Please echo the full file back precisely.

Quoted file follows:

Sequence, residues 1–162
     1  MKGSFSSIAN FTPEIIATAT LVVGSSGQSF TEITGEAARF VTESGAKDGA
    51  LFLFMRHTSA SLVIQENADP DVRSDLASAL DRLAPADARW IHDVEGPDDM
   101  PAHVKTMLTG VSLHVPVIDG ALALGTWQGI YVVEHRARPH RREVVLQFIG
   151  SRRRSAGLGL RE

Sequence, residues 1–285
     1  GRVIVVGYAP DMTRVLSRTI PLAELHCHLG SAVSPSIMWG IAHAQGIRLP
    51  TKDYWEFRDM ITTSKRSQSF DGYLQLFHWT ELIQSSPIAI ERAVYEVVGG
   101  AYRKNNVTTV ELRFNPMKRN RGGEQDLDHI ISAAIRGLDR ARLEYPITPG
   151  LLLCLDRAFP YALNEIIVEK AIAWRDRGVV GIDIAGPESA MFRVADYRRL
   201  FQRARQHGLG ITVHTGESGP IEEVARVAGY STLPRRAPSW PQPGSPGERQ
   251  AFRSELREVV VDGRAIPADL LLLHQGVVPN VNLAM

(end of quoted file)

Sequence, residues 1–162
     1  MKGSFSSIAN FTPEIIATAT LVVGSSGQSF TEITGEAARF VTESGAKDGA
    51  LFLFMRHTSA SLVIQENADP DVRSDLASAL DRLAPADARW IHDVEGPDDM
   101  PAHVKTMLTG VSLHVPVIDG ALALGTWQGI YVVEHRARPH RREVVLQFIG
   151  SRRRSAGLGL RE

Sequence, residues 1–285
     1  GRVIVVGYAP DMTRVLSRTI PLAELHCHLG SAVSPSIMWG IAHAQGIRLP
    51  TKDYWEFRDM ITTSKRSQSF DGYLQLFHWT ELIQSSPIAI ERAVYEVVGG
   101  AYRKNNVTTV ELRFNPMKRN RGGEQDLDHI ISAAIRGLDR ARLEYPITPG
   151  LLLCLDRAFP YALNEIIVEK AIAWRDRGVV GIDIAGPESA MFRVADYRRL
   201  FQRARQHGLG ITVHTGESGP IEEVARVAGY STLPRRAPSW PQPGSPGERQ
   251  AFRSELREVV VDGRAIPADL LLLHQGVVPN VNLAM